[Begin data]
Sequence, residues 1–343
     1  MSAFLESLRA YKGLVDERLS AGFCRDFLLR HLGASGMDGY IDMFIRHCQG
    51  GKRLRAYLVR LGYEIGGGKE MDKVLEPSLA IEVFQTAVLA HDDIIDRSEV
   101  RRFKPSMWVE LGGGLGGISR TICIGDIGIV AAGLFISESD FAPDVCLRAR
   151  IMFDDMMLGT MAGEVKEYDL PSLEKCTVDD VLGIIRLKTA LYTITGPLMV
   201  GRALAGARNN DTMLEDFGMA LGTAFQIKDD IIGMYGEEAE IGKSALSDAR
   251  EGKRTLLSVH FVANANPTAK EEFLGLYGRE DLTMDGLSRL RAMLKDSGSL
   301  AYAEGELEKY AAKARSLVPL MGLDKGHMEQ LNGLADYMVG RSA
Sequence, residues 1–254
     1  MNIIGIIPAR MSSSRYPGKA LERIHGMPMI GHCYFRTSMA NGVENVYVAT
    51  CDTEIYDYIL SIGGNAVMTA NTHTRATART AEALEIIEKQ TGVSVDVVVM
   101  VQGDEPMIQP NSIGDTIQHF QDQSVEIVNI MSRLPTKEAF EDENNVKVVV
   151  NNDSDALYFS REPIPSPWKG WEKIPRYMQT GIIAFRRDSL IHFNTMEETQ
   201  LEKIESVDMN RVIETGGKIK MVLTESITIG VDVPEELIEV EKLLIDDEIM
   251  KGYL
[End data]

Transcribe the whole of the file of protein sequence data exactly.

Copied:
Sequence, residues 1–343
     1  MSAFLESLRA YKGLVDERLS AGFCRDFLLR HLGASGMDGY IDMFIRHCQG
    51  GKRLRAYLVR LGYEIGGGKE MDKVLEPSLA IEVFQTAVLA HDDIIDRSEV
   101  RRFKPSMWVE LGGGLGGISR TICIGDIGIV AAGLFISESD FAPDVCLRAR
   151  IMFDDMMLGT MAGEVKEYDL PSLEKCTVDD VLGIIRLKTA LYTITGPLMV
   201  GRALAGARNN DTMLEDFGMA LGTAFQIKDD IIGMYGEEAE IGKSALSDAR
   251  EGKRTLLSVH FVANANPTAK EEFLGLYGRE DLTMDGLSRL RAMLKDSGSL
   301  AYAEGELEKY AAKARSLVPL MGLDKGHMEQ LNGLADYMVG RSA
Sequence, residues 1–254
     1  MNIIGIIPAR MSSSRYPGKA LERIHGMPMI GHCYFRTSMA NGVENVYVAT
    51  CDTEIYDYIL SIGGNAVMTA NTHTRATART AEALEIIEKQ TGVSVDVVVM
   101  VQGDEPMIQP NSIGDTIQHF QDQSVEIVNI MSRLPTKEAF EDENNVKVVV
   151  NNDSDALYFS REPIPSPWKG WEKIPRYMQT GIIAFRRDSL IHFNTMEETQ
   201  LEKIESVDMN RVIETGGKIK MVLTESITIG VDVPEELIEV EKLLIDDEIM
   251  KGYL